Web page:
33 33 Time Table Adjustment for Power Price Base load Intermediate load Peak load


35 35 Power Load Following Strategy CHP is being operated to meet the power demand after considering the input conditions such as power & heat import pattern. Compare the heat produced in this process, determine how much more heat is required to be produced using Heat Only Boiler even after Heat Container is considered. Cost of Heat & Power import, Fuel cost of CHP, HOB with Benefits from Power & Heat Sales will be calculated to get Hourly Net Benefit.

36 36 Heat Load Following Strategy CHP is being operated to meet the Heat demand after considering the input conditions such as heat import pattern & Heat Container. Compare the power produced in this process, determine how much more power is required to be imported additionally. Additional consideration on the possibility of power sales via grid is also examined. Cost for Heat & Power import, Fuel cost for CHP, HOB with Benefits from Power & Heat Sales will be calculated to get Hourly Net Benefit.

37 37 Combined Strategy Utilizing Hourly Net Benefit obtained from Power & Heat Load Following strategies, we can determine our hourly operation strategies. Net Benefit will be maximized by optimizing hourly strategies.


39 39 Economic Feasibility Analysis Utilizing the above equation, we can find a way to calculate competitive market price for Heat, Power, etc, since with all the other information given. Various regulations on the Heat, Power transaction could be reviewed using our hourly base operation model. With more detailed information on expected CES/SCG, we would be able to predict or forecast possible future market size. - i th Period Benefit : Usually revenue from energy services - i th Period Green House Gas Reduction Credit - Initial Fixed Cost for energy service projects - Operation and Management Costs - Discount Rate - Project Life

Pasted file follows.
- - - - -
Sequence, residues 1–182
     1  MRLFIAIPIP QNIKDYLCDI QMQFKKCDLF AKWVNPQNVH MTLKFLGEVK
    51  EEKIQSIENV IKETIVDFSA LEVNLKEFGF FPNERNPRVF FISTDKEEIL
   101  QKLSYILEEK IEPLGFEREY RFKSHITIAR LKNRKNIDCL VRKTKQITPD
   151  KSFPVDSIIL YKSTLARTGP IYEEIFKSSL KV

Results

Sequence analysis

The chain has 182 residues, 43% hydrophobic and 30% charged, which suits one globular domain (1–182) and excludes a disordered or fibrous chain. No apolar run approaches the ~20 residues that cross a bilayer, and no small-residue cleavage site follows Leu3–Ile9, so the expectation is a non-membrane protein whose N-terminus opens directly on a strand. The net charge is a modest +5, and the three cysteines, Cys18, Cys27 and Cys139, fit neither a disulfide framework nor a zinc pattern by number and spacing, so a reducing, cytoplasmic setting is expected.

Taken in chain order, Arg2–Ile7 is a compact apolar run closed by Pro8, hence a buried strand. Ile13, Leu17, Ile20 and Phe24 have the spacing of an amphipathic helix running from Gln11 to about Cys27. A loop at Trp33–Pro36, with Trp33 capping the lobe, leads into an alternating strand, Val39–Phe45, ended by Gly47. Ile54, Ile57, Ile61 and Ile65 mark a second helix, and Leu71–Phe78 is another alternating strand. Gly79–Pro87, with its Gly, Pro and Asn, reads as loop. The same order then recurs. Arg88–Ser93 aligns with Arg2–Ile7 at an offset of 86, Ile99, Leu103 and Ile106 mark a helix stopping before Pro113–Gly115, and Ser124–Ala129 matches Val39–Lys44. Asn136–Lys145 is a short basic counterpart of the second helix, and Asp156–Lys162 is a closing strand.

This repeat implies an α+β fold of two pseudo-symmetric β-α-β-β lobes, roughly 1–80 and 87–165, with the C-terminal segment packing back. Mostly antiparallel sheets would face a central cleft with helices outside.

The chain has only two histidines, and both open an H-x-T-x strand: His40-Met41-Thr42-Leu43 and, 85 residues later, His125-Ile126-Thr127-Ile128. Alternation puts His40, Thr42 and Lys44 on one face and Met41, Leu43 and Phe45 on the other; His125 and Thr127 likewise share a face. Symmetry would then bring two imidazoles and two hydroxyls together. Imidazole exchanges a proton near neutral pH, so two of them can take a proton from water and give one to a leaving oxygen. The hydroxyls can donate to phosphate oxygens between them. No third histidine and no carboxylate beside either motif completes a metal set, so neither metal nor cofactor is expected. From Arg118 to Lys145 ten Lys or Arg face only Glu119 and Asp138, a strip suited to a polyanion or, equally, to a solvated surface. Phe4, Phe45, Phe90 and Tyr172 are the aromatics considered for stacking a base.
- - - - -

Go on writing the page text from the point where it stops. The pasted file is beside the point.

40 40 Inputs for Financial Analysis (1) 1 2 34 1: Basic Intput Condition, 2: Efficiency, Price Info., 3: O&M, etc., 4: Equipment Related Info.

41 41 Inputs for Financial Analysis (2) 1 2 4 6 3 5 1: General Intput Condition, 2: Initial Costs, 3: Periodic Costs, 4: Price Increase Rate, 5: Indirect Costs, 6: Financing Debt

42 42 Calculation Process for Financial Analysis


44 44 Financial Statement Auxiliary calculation is done outside of the main page. But ‘Financial Summary’ takes the input values from separately prepared ‘Input conditions’ worksheet. When a person wants to have some additional analysis on financial feasibility, input values may be changed so that its impact on financial statements can be reflected in Excel file. Especially for SCG model, economic feasibility test is done by comparing the existing system and newly implemented one.


46 46 Power Load Forecast & CHP Power Production

47 47 Monthly Heat Load Pattern

48 48 Monthly Power Load Pattern

49 49 Heat Load Duration Curve